Self Employed Claimable Motor Expenses 5

mann im auto

If you are self employed, you probably use your car for your business and that means you will incurr costs to keep the car running.

So what is a car….

A car for tax purposes is any motor vehicle of a kind normally used on public roads which has three or more wheels and either:

  • is constructed or adapted mainly for carrying passengers or
  • has to the rear of driver’s seat roofed accommodation which is fitted with side windows or which is constructed or adapted for the fitting of side windows

If you had a commercial vehicle instead of a car its likely that all the costs would be business costs because there would only be minimal incidental private use.

HMRC have just released a video to explain how you can claim motor expenses….

Bascially you can claim either a % of the total running costs (Actual Cost Method) or a mileage allowance payment.

The mileage allowance is 45p for the first 10,000 miles and then 25p per mile after that.

Using the Actual Cost Method you can claim a % (relating to business use) of :

  • Capital Allowances (these help you recover tax on the purchase price of the vehicle)
  • Fuel
  • Road Tax
  • Maintenance
  • Insurance
  • MOT
  • Repairs

You may have other costs which are ‘wholly and exclusively’ for business such as:

  • A Sat Nav to find customers and make deliveries
  • Signage on the vehicle
  • Modifications

Basically if a cost is ‘wholly and exclusively’ for business then you can claim 100% against tax.

steve@bicknells.net

If you work from home and claim mileage, you could be in for a shock 1

Highway Robbery

Its probably fair to say that most contractors who have an office at their home claim business mileage when they visit clients, but things could be about to change for the worse….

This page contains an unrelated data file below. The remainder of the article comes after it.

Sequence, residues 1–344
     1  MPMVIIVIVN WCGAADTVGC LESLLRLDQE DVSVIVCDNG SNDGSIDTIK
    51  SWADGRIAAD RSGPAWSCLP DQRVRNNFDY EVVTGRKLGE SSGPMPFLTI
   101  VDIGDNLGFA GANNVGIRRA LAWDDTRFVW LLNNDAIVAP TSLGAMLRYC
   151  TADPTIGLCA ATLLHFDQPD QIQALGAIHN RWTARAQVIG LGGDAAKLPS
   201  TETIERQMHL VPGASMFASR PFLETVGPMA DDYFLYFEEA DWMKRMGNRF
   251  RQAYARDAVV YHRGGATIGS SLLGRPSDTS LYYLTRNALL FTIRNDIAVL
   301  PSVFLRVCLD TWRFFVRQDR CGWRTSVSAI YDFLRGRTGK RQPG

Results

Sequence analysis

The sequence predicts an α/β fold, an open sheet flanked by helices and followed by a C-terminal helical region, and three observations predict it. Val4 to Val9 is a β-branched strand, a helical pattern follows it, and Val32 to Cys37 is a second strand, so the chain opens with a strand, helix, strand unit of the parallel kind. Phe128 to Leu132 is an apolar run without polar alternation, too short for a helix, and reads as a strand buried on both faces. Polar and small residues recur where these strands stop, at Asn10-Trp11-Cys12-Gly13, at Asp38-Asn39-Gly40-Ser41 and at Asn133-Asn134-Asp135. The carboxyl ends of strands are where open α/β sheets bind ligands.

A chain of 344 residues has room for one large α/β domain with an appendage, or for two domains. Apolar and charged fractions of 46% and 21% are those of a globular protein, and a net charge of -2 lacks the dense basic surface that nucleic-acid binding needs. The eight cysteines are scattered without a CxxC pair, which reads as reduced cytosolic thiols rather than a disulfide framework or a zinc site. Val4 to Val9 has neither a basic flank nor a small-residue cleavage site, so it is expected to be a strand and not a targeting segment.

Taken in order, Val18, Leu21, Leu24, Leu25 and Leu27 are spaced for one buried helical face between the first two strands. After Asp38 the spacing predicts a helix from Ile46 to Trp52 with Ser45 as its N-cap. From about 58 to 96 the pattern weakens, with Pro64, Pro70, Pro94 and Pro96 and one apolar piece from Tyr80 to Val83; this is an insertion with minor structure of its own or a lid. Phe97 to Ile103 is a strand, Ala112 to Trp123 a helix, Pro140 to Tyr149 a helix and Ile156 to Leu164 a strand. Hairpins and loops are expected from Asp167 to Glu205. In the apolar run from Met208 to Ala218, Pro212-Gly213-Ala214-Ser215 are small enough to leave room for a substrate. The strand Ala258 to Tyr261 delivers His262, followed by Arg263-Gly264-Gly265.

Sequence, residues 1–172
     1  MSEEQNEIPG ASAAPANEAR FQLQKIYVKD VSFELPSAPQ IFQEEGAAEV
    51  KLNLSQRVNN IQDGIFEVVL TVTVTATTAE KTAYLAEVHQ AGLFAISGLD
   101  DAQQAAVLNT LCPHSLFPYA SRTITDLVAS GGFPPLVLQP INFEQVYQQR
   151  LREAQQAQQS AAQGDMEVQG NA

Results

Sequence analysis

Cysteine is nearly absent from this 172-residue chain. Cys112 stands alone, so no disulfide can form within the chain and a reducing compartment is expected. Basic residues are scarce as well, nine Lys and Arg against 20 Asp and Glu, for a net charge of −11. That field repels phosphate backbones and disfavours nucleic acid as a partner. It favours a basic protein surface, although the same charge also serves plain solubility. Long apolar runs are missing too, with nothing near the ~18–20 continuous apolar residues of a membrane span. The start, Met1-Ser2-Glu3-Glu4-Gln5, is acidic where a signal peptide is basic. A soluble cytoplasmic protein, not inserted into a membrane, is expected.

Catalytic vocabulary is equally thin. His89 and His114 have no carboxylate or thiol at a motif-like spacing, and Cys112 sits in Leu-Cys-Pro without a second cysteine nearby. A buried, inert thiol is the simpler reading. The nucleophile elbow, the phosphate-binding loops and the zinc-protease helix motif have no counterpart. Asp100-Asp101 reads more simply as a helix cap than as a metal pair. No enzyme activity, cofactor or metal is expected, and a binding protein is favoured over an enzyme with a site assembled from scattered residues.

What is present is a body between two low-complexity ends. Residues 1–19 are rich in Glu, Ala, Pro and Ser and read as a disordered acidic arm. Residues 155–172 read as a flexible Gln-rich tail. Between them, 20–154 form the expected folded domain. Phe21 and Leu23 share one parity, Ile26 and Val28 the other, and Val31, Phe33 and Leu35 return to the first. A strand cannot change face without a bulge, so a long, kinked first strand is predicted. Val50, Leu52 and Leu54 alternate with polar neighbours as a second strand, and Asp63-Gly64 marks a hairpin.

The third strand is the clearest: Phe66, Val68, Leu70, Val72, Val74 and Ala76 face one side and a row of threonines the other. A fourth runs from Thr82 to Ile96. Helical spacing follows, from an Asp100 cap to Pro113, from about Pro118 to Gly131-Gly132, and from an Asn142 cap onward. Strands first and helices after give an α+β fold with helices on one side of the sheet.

In what could become a landmark decision in the interpretation of “wholly and exclusively” allowable expenditure, a doctor has lost a protracted battle with HMRC over his business mileage claims.

After an enquiry lasting more than seven years and three tribunal hearings, the First-tier Tribunal led by Judge Kevin Poole acknowledged Dr Samad Samadian had a dedicated office in his home which was necessary for his professional activity.

However, the panel did not accept that the home office could be treated as the starting point for calculating private practice business mileage involving habitual journeys.

Potentially, the decision has wide implications for all professional self-employed activity, where the business owner undertakes substantive work at home, but also has another business base at which they deliver their expertise regularly.

http://www.taxation.co.uk/taxation/Articles/2013/02/13/53821/way-go-home

It is understood that Dr Samadian will be appealing.

But this could lead to Consultants paying back thousands of pounds in tax.

Phil Stunell spotted this article with the full details http://www.independent-practitioner-today.co.uk/news_story.php?r=1605&a=public

steve@bicknells.net

Company Car or Car Allowances, which is best, there’s only one way to find out…. 7

Let’s take an example:

VW Golf Blue Motion 1.6 TDI 105PS £18,860 Diesel CO2 99g/km

http://www.volkswagen.co.uk/#/new/golf-vi/which-model/engines/overview/

Using the HMRC calculator http://cccfcalculator.hmrc.gov.uk/CCF0.aspx

Tax Liability indicator:                                     20%                        40%

Company Car Tax (2012/2013)                    £490.20                £980.40

Company Car Fuel Tax (2012/2013)          £488.80                 £977.60

Total                                                                        £979.00                  £1,958.00

If you (the employee) pay for your private fuel you won’t have to pay tax on it.

 

The Employer will need to pay Class 1A National Insurance on the benefit in kind

Car benefit charge (2012/2013)                  £2,451.00

Car fuel benefit charge (2012/2013)         £2,444.00

Total                                                                         £4,895.00